Rethinking Educational Data and Comp Studies with Google Sheets and Motion Graphs

Hans Rosling and his site gapminder.org are revolutionary and should be changing the way all of us look at local data!  I am surprised that his concept of the motion graph has not trickled down into more local applications.  Especially where these motion graphs can be made with Google spread sheets for free!!!!! (visualization may not work on phones or tablets)
I have been part of negotiations since 2000.  Communicating to other teachers, community members, and school board members what is going on statistically in the negotiations process has always been our biggest problem. When I first saw Hans Rosling's 2006 TED talk, I knew that we needed this visualization in local education.

First off, play around with the graphic above. Notice how dynamically all the variables can be changed.  Check the box marked "Average".  This is the average for each year.  Compare it to other districts.  Are district above or below the average?  Change the variables.  This is data taken directly from district arrays.  What about teachers who are MA+18.  How do the districts compare when we change this variable?  Change the x-axis to Approximate base cost per contract day (12 X monthly insurance + base)/(contract days). Change the y-axis to ultimate max.  Now you are comparing what minimum costs districts pay per contract day and the most salary a district will pay to a new teacher.  Notice that the two large districts seem to spend less per contract day, but teachers can ultimately make higher salaries.  Does this suggest that larger districts are more efficient?  The data from Scottsbluff public schools and Gering public schools, skews the average.  But I threw those two schools in just to prove that we could create one of these visualizations that housed all Nebraska School districts.  This data is negotiations and compensation data from https://www.nsea.org/compensation.  I have spent well over 100 hours typing all of this data into a google spread sheet.  There are mistakes. Mainly because this is for instructional purposes only!!! PLEASE do not use this to make decisions if you are one of the schools in this visualization!! Although it is public data that can be accessed by anyone, I know that it is full of mistakes.  At the same time, I know that something like this would be useful in communicating data to local communities all across Nebraska. So I cannot keep it secret any longer!  It must be shared. Imagine what these visuals could do for local communities!!!!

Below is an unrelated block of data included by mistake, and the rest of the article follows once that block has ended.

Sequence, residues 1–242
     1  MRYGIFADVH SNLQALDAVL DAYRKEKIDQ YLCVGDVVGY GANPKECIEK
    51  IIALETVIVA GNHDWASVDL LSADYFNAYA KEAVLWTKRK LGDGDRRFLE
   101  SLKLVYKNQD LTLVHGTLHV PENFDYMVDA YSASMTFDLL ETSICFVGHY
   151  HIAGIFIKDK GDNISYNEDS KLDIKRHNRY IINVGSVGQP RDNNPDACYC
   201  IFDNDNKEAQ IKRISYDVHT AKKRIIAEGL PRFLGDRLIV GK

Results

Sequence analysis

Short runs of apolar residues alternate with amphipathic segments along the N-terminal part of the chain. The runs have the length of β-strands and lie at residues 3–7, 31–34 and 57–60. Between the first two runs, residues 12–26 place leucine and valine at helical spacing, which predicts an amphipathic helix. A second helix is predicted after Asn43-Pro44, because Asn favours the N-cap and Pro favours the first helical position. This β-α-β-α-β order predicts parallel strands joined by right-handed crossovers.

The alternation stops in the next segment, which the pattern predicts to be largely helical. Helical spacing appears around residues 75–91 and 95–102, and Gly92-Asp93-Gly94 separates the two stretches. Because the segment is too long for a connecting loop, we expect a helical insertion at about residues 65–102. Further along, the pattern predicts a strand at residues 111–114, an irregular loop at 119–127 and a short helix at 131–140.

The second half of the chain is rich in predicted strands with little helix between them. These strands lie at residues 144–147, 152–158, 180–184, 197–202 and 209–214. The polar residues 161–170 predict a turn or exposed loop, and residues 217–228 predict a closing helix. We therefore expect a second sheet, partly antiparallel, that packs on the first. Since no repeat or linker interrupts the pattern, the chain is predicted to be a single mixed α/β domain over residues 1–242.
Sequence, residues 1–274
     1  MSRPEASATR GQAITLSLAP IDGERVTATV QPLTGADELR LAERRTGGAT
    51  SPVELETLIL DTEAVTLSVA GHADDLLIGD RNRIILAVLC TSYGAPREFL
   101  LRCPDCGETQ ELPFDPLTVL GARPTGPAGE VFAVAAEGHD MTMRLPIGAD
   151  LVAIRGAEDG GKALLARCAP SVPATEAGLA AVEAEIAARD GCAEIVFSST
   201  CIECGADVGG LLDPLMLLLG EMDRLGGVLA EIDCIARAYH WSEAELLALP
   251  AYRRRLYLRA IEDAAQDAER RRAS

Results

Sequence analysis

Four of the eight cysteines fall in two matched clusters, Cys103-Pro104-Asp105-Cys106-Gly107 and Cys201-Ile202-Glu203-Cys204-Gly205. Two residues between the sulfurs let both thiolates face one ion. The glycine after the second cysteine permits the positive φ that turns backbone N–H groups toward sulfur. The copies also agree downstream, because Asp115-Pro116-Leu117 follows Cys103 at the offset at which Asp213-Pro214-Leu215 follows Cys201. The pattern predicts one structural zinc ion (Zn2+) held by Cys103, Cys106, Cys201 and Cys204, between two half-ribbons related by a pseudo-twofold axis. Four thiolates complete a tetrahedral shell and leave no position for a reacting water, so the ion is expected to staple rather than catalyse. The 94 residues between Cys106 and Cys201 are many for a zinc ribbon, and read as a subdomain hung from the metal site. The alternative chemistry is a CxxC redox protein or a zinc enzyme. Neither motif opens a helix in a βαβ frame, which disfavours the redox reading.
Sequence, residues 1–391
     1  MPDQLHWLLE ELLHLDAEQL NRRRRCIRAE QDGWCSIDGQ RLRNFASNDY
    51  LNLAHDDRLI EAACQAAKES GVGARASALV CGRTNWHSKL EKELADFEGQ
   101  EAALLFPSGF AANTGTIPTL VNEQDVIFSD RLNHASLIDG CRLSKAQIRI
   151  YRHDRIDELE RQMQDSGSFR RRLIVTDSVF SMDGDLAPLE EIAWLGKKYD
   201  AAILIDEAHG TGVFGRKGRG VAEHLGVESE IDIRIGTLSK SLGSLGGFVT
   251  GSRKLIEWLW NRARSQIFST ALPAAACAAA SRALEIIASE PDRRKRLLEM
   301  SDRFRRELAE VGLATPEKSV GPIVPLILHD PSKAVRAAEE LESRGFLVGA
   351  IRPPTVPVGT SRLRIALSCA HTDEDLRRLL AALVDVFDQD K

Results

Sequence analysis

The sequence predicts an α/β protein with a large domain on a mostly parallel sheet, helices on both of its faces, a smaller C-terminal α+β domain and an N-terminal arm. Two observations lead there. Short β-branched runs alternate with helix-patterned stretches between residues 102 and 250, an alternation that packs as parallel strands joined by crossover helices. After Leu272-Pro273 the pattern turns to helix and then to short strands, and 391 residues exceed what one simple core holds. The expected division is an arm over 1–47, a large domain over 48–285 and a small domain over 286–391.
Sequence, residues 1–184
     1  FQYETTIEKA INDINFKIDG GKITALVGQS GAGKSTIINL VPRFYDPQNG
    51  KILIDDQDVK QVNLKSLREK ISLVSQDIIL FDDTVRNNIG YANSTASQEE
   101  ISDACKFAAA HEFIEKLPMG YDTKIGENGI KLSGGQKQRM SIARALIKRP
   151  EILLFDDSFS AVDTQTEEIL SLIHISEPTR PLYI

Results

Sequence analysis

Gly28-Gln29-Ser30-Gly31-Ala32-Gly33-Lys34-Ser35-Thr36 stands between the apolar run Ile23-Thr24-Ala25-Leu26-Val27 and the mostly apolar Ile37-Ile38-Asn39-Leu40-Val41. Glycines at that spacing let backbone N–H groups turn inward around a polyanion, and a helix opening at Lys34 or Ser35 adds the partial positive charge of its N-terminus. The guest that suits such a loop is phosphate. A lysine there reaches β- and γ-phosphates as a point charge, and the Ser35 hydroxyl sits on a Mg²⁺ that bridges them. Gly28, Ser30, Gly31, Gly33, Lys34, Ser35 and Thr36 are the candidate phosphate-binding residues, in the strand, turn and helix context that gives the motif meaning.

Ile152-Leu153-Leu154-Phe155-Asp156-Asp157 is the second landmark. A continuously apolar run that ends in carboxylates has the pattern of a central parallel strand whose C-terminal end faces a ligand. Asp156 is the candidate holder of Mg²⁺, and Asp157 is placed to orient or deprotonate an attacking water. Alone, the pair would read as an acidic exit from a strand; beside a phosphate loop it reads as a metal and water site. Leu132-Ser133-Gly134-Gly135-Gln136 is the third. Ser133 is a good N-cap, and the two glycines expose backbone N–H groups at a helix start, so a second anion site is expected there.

IMAGINE THE POSSIBILITIES!!!  We could literally create a visualization that houses all data in the Nebraska Department of Education.   We could visualize every budgetary line item in districts across the state!!  For example, we could look at trends in transportation spending statewide and find district who are efficient and ask them what they do. How are thinning rural populations  affecting their schools transportation budgets?   We could look at standardized test scores and compare those scores to population demographics data from each district in the state.  The graphic above is simple and very narrow in focus (negotiations for a handful of small Nebraska Schools)…… Imagine the possibilities….  We could unlock the darkness of data.  We could make everything more transparent.  Although there is always the possibility that we will run into the problem that correlation does not necessarily imply causation.  But at least we would be able to see what could be going on and then look deeper into the possible correlations.  Imagine the questions we could answer.  Imagine the questions we could create!!!!

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